5 Tips All Ages Need to #ADULT This 4th of JulyJul 04, 2019
Maybe it’s just me but the 4th of July just doesn’t feel as liberating as it once did for me. I’m not talking about being a kid and getting excited to go see fireworks or even about that feeling you get when you bite into the first sweet watermelon of the summer. No, I’m talking about the fear you have worrying someone at your family picnic is going to evaluate your input in a conversation, the worry that you need to do a play by play before interacting with someone at a family reunion to try to predict the outcome just to decide who in your family you can sit next to without feeling under investigation, and the struggle of constantly feeling ashamed of the ability to exercise your freedom to be open about your values. I think if you’re honest, the adulting of the 4th of July feels less like a celebration of independence and more like a request to jury duty.
The one invitation you get in the mail you dread receiving.
I’ve thought a lot about this and one of the things I love about my over twelve years as a Girl Scout leader. Also being raised by two of the most patriotic humans I will probably ever meet, my Greatest Generation (1900-1925) grandparents, is that every year the 4th of July becomes less and less about shared independence and more about who’s opinions of if you're being the right type of American or not. This might just be my opinion but I think I’ve done enough research and have enough life experience to have it be more of a truth than a perspective, so I’ve put together these five tips all of us, of all ages, can do to be a little more #ADULT this 4th of July. Just maybe, we can get excited again about sharing that bench with that uncle, sister or parent who at one time their opinions weren't dividing you, but you couldn't wait to be handed a sparkler from them...
Give Someone Your Undivided Attention
Remember when you couldn’t wait for a story from that elder in your family who always so spoke so visually that you could almost imagine being in their story with them. You were so hooked on what would come next in their story, or completely blown away at how unbelievable it was you just had to hang on every word? This is what I want to encourage you to do this 4th of July for someone you sit next to at your backyard BBQ. Choose to just listen. Active listening is one of the most important steps to making someone feel heard and that they belong. If you are feeling like any family gathering or social engagement you attend you don’t belong or that no one gets you, try giving a bit of what you want from them, too them. Remember that active listening isn’t about you, it’s about comprehending what the other person is saying. Do your best to discover how to understand them. Choose to not critique, object or interrupt them with your understanding. Just listen, and let go of expectations that eventually they will do the same for you.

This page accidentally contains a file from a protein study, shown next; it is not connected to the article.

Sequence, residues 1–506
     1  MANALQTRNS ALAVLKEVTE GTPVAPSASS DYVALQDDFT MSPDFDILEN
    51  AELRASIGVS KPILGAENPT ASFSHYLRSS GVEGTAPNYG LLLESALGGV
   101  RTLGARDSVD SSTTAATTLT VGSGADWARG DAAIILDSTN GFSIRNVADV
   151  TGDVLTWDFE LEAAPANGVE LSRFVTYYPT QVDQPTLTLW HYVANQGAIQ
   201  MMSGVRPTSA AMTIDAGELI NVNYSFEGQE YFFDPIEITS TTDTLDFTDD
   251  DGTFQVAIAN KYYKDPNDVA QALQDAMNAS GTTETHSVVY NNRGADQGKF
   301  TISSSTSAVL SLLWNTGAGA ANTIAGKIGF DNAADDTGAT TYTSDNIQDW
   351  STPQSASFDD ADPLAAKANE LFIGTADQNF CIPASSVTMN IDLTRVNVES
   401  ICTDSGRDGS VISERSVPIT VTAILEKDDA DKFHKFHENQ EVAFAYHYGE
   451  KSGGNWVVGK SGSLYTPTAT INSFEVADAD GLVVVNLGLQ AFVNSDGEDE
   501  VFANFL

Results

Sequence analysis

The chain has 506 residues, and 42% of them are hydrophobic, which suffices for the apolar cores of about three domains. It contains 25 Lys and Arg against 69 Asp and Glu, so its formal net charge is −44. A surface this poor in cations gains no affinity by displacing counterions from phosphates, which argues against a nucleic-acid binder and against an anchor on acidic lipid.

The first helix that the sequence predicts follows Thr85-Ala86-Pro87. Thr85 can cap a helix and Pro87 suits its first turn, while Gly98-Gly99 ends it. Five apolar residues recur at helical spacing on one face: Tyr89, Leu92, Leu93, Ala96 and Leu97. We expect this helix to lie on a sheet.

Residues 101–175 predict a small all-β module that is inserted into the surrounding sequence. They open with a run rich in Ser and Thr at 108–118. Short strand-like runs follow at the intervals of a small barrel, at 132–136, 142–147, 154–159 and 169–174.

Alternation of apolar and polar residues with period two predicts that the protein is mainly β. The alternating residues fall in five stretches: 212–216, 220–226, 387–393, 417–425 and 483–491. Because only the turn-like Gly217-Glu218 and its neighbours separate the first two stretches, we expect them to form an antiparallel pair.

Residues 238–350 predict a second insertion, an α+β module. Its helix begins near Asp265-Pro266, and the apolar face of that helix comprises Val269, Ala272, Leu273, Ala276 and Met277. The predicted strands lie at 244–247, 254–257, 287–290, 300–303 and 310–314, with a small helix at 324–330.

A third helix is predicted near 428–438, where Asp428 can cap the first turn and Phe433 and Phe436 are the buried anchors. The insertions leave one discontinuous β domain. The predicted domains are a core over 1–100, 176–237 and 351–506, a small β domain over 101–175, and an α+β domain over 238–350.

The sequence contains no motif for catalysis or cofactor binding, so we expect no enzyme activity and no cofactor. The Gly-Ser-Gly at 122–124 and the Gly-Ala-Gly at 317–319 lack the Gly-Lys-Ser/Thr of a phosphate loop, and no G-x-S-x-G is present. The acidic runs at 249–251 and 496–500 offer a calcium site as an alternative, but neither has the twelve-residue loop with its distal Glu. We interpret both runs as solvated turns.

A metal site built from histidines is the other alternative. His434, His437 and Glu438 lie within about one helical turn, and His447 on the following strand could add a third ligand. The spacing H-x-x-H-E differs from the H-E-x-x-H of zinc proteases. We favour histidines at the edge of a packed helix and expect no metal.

Decide How the Next Holiday or July 4th will be Before You Go Home
Gone are the days where a matriarch of the family is the sole person with the capacity or ability to plan and create a holiday or social gathering entirely by themselves. Today it is more difficult for one person to take on since the majority of us are retiring later in life, two incomes are the norm, and the gender roles are more shared. This means that leaving the responsibility onto one person to be the one to plan and promote a community or family get together is asking for snow cones in the summer that won’t melt. This 4th of July sit with your crew before the fireworks are lit and decide who is on the committee to plan the next gathering or next year's 4th of July bash. Be sure to get feedback from the person who did the majority of the hosting this year to see what seemed to be going well, and where they felt they could have used more help. Asking for help keeps us connected. Where better to practice this skill than on the 4th of July with friends and family.
Talk about Civics Instead of Politics